• Dan Eggert

    Saving the Door with the Door County Land Trust

    In some ways, the remarkably successful Door County Land Trust (DCLT) is paradoxical. They protect and maintain roughly 4,800 acres of land throughout the peninsula – from Washington Island to Southern Door – yet much of the land they protect is off the main traveled roads and so remains hidden from public eye. And while […]

  • Door Bluff Headlands On Track for Expansion

    The Door County Parks Department is taking steps to expand Door Bluff Headlands County Park by purchasing over 70 acres of land adjacent to the park’s southern border. “We’ve always had a low-key eye on this property,” said George Pinney, Director of Door County Parks. “We don’t usually pursue things like that, except to put […]

  • Animal Tracks

    Article by Roy Lukes Some wild animal tracks in the snow are often the only evidence of these creatures many people get to observe. The common daytime feeders, such as the Wild Turkey, the Red and the Gray Squirrels, along with songbirds, are quite easy to study, even to the point of seeing the particular […]

  • Wildlife Migration: When Door County Takes Flight

    Article by Roy Lukes Forty-four years of watching wildlife and keeping daily notes has clearly indicated to me that Door County, with its many miles of shoreline serving as visual guides, is an excellent place for observing the migration of birds. Spring brings both those birds which will nest here and also the many species […]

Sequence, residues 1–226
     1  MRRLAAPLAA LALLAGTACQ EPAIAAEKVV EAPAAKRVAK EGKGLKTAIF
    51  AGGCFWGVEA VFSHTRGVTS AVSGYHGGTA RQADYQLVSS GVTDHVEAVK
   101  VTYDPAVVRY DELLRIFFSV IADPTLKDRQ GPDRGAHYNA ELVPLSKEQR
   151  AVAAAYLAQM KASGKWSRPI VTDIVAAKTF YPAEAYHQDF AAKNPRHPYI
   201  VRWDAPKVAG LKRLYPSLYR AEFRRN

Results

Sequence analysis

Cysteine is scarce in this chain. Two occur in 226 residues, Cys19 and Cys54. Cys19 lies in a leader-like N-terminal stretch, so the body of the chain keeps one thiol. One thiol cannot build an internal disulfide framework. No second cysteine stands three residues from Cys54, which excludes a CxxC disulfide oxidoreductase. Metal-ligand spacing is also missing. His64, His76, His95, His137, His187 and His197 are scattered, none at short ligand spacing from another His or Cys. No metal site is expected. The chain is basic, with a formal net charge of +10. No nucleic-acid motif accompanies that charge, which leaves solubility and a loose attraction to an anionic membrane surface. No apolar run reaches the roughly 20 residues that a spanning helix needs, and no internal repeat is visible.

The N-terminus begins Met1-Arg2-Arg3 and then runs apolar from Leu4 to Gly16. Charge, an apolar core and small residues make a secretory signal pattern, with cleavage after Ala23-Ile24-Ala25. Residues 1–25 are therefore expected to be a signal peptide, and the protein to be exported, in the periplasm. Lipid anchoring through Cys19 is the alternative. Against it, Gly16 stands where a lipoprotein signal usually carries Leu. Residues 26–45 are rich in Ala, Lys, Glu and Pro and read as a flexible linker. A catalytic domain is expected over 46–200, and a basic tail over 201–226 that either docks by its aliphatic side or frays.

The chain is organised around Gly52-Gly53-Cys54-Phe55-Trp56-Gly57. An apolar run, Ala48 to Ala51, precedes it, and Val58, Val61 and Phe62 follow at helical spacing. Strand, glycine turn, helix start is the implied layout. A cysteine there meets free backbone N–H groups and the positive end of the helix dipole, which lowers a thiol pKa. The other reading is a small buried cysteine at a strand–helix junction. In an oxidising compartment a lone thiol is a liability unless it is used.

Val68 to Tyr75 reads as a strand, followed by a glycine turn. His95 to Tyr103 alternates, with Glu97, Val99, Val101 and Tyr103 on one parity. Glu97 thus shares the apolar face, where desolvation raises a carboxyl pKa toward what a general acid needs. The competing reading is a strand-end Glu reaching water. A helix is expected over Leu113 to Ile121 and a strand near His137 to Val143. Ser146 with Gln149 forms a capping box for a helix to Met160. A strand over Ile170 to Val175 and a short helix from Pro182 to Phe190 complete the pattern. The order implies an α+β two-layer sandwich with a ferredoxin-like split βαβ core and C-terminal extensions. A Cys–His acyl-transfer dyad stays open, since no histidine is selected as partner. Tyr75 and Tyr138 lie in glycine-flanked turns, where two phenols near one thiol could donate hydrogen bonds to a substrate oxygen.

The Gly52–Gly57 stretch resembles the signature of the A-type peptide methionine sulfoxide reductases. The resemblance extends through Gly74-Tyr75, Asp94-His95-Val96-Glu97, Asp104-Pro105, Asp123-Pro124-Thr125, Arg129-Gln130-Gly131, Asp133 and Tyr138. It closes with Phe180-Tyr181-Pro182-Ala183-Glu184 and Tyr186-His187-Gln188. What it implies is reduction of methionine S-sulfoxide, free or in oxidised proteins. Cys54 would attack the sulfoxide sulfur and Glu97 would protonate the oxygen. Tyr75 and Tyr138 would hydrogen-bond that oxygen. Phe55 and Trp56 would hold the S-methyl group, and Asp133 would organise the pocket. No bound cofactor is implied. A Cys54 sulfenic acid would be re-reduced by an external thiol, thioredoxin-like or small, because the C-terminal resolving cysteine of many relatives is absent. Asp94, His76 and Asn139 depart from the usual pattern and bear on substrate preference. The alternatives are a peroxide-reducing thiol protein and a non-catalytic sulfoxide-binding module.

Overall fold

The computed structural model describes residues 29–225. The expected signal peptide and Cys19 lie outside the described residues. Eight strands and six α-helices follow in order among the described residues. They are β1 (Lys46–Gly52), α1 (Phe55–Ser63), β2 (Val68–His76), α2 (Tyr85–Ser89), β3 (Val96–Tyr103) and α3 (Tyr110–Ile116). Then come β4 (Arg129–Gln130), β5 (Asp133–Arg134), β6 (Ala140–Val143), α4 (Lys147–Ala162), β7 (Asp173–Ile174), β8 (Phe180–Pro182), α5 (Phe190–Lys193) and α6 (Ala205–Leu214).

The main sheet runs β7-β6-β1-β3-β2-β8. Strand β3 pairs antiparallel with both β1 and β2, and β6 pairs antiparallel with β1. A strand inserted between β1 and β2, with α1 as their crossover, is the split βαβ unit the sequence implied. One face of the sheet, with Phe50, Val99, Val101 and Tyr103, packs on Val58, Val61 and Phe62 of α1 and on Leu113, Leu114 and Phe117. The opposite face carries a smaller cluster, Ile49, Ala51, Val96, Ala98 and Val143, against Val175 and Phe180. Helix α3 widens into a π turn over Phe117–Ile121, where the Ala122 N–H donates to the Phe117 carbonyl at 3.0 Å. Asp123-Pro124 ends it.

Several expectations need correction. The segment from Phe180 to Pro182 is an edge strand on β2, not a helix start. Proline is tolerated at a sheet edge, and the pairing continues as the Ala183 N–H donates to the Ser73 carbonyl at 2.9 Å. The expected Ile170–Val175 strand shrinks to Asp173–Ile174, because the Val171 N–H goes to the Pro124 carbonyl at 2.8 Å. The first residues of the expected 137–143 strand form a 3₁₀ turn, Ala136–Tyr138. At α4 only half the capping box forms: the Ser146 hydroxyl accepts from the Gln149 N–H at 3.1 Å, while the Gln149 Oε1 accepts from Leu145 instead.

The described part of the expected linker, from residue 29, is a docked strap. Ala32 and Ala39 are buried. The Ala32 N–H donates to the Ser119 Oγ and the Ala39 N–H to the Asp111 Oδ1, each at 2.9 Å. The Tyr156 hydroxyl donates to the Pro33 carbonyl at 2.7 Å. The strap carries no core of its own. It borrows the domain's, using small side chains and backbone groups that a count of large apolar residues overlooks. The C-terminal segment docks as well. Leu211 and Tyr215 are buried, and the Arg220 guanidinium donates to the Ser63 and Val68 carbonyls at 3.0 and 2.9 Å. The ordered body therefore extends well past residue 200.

• Fears rise over the recent resurgence of Cladophora Algae in lake waters and on Door County shores

    Europe Bay, a long wild beach at the tip of the Door Peninsula, has seen its shorelines transformed by dense and stringy algae that covers much of what used to be sandy dunes.

  • Long-Legged & Long-Necked: The Herons of Door County

    Article by Roy Lukes It’s quite logical to assume that Door County, having more miles of shoreline than any other county in the continental U.S., would be home to many herons in summer – or at least during spring and fall migration. Rocky and sandy shores surely do abound, but marshes, rivers, vast mudflats and […]